2016 Honda HR-V, the smaller crossover offers top fuel economy in its class

2015-05-12 11:28:40
2016 Honda HR-V, the smaller crossover offers top fuel economy in its class
2016 Honda HR-V, the smaller crossover offers top fuel economy in its class

Domination of the SUV in the automobile market briskly increasing day by day and even the small segment buyers have decided to go for the bigger vehicles with its high-seated position, the all-wheel-drive and the capability to drive in bad weather. The 2016 HR-V is entering in to this market which is still in the early phase of the innings.


The pioneers in the SUV market included Nissan Juke, Mini Countryman and Buick encore but the field has more than doubled in the past years with new entries like Jeep Renegade, Chevrolet Trax, Fiat 500X and also the forthcoming Mazda CX-3. The HR-V crossover will sit below the much famous CR-V in terms of price, size and prospects and will compete as a strong contender to attract buyers’ attention.

The CR-V was derived from the Honda Civic platform, but the HR-V has taken to the Fit subcompact.  However the feel of the HR-V crossover is a substantial feeling of more solid where as the Fit felt like a feathery little box. HR-V has a wider cabin, and windshield is close to the driver’s eye and materials and design for the interior show up-scale leanings. If you don’t look at the back then you are sure to mistake this crossover as the latest CR-V. However the HR-V is significantly larger to the smaller Fit and is also 3.2-Inches longer, 2.1 inches wider front track, and the rear track is increased by 2.6 inches. The HR-V overall overshadows the Fit by 9.1-inches length, 2.8-inches width and 3.2-inches height. The minus point is that with increased length the weight has also increased and the HR-V is weighing 400 pounds more than the Fit according to Honda scale. In spite of the increase, the curb weight works out to 3000 pounds which is rather slender in the class.

The HR-V does not share the same 1.5 Liter four-cylinder with 130-hp of the Fit from the other markets instead it uses a larger 1.8 Liter engine borrowed from Civic. But unfortunately the output of the larger engine is not great and musters just 141-hp at the rate of 6500 rpm and 127 lb-ft of torque at the rate of 4300 rpm. There is the lowest figure in the baby ute segment. This explains why the HR-V is so slow because it takes almost 9-10 seconds to reach the 0-60mph mark.  Woefully the CVT combined with the all-wheel-drive - only transmission option available – takes eternity to build speed though it sends the revs soaring.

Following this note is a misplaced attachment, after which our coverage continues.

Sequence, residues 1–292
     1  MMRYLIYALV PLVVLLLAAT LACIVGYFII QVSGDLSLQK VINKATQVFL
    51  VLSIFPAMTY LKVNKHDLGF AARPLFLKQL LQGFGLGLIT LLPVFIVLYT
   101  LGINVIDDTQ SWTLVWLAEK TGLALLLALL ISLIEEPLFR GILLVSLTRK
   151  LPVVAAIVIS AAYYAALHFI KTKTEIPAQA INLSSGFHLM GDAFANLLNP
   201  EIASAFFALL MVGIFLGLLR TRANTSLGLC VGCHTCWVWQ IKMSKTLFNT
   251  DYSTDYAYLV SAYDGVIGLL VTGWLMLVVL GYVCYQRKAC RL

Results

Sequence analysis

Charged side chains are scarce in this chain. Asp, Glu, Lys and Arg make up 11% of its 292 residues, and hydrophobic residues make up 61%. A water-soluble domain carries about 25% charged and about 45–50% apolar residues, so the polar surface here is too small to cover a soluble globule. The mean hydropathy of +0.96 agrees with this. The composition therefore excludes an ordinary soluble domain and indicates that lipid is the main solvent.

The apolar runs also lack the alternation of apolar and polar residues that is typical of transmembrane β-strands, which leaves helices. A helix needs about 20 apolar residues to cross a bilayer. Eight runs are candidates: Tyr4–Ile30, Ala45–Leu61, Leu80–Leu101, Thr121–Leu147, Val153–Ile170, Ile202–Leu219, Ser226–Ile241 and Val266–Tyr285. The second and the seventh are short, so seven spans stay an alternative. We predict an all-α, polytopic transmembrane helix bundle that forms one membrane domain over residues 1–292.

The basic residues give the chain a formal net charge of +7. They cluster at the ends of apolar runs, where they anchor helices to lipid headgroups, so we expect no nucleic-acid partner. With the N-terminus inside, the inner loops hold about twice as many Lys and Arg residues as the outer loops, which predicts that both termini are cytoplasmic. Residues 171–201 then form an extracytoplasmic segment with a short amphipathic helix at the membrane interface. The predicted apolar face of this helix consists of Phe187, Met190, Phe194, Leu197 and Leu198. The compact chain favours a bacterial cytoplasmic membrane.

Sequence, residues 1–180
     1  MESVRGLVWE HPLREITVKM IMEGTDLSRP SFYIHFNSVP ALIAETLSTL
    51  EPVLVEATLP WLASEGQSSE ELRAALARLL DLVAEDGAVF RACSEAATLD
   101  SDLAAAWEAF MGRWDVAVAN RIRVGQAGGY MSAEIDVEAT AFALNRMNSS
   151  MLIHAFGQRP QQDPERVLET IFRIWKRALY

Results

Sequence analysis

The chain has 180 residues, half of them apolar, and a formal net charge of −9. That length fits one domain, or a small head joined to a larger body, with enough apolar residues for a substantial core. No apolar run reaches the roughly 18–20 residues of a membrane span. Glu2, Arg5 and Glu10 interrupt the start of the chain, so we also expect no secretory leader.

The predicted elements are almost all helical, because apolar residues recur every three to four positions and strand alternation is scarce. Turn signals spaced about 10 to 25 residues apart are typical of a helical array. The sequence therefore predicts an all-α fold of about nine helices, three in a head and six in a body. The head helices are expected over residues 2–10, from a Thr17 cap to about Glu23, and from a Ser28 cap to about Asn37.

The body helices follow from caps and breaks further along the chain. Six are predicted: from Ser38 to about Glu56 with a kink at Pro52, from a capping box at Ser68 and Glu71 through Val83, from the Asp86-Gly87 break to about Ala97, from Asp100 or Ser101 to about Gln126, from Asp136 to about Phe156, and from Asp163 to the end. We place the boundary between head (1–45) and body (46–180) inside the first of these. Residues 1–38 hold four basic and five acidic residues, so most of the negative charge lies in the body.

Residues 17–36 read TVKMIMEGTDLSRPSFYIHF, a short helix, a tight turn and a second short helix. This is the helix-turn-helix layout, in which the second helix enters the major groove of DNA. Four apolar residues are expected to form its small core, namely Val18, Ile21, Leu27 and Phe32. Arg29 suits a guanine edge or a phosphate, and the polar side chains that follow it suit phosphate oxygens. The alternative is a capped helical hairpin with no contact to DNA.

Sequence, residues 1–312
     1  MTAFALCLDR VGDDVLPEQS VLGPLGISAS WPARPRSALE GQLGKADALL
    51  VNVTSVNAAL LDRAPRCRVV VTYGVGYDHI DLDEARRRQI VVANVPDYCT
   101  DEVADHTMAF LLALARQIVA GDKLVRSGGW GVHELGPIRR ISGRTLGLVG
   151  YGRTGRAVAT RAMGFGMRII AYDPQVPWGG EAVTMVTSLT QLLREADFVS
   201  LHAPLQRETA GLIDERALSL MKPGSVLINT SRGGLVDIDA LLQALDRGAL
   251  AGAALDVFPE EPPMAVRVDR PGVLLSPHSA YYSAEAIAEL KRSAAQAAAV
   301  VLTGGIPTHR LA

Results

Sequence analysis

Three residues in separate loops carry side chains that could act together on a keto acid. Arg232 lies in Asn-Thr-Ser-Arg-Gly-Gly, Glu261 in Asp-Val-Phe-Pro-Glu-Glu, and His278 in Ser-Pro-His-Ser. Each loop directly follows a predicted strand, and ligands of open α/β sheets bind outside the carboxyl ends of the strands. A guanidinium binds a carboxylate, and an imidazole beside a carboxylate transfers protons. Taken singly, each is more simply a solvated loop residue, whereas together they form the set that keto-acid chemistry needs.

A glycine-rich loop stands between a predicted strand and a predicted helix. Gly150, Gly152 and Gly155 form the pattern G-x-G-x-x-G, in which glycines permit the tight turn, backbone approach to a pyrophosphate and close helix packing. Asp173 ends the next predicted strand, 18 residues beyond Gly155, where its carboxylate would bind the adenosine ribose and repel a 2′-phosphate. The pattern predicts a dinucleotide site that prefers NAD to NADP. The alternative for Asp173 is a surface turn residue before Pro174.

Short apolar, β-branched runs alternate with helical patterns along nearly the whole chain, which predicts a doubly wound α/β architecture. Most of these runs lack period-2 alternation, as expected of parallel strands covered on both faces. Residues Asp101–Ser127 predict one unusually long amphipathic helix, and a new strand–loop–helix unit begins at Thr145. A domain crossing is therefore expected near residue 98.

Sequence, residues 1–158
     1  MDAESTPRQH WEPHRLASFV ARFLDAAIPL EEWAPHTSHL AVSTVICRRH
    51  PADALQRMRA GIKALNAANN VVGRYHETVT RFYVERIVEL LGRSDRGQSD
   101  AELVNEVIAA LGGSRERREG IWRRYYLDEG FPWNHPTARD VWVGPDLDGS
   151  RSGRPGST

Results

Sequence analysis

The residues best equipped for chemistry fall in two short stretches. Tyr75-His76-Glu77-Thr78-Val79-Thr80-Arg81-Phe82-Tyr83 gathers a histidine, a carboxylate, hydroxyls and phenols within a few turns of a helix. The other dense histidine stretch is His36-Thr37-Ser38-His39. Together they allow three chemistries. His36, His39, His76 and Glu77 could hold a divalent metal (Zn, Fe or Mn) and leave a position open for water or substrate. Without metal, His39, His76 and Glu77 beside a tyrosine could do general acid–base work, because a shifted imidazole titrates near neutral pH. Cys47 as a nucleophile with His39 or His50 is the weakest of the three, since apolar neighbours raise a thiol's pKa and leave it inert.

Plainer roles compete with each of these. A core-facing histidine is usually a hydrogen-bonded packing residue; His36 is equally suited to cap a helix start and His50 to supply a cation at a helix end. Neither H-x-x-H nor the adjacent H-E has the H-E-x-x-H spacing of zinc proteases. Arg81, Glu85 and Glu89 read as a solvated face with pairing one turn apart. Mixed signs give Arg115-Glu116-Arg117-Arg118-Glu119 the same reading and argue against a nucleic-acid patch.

For the LX and EX models a six speed manual combined with front-wheel-drive is offered by Honda, the transmission offers the feeling of spirited acceleration. We would prefer the manual as it is easy to shift, but it has along clutch travel which transforms into ropey throws. But the manual unfortunately is not good at fuel economy and according to EPA combined with front-wheel-drive the automatic offers 28/35 thus overtaking the manual by 3/1 mpg in city and highway. The AWD with CVT only model however produces 27/32mpg for city and highway. These figures actually stand at the top or very near to it in the class.

Honda models:

Honda Odyssey
Honda Ridgeline
Honda Accord Plug-In Hybrid
Honda CR-Z
Honda Civic
Honda Crosstour
Honda S2000
Honda Element
Honda Pilot
Honda Passport
Honda Accord Crosstour
Honda Insight
Honda Accord
Honda Prelude
Honda Fit
Honda Fit EV
Honda Civic del Sol
Honda Civic CRX
Honda CR-V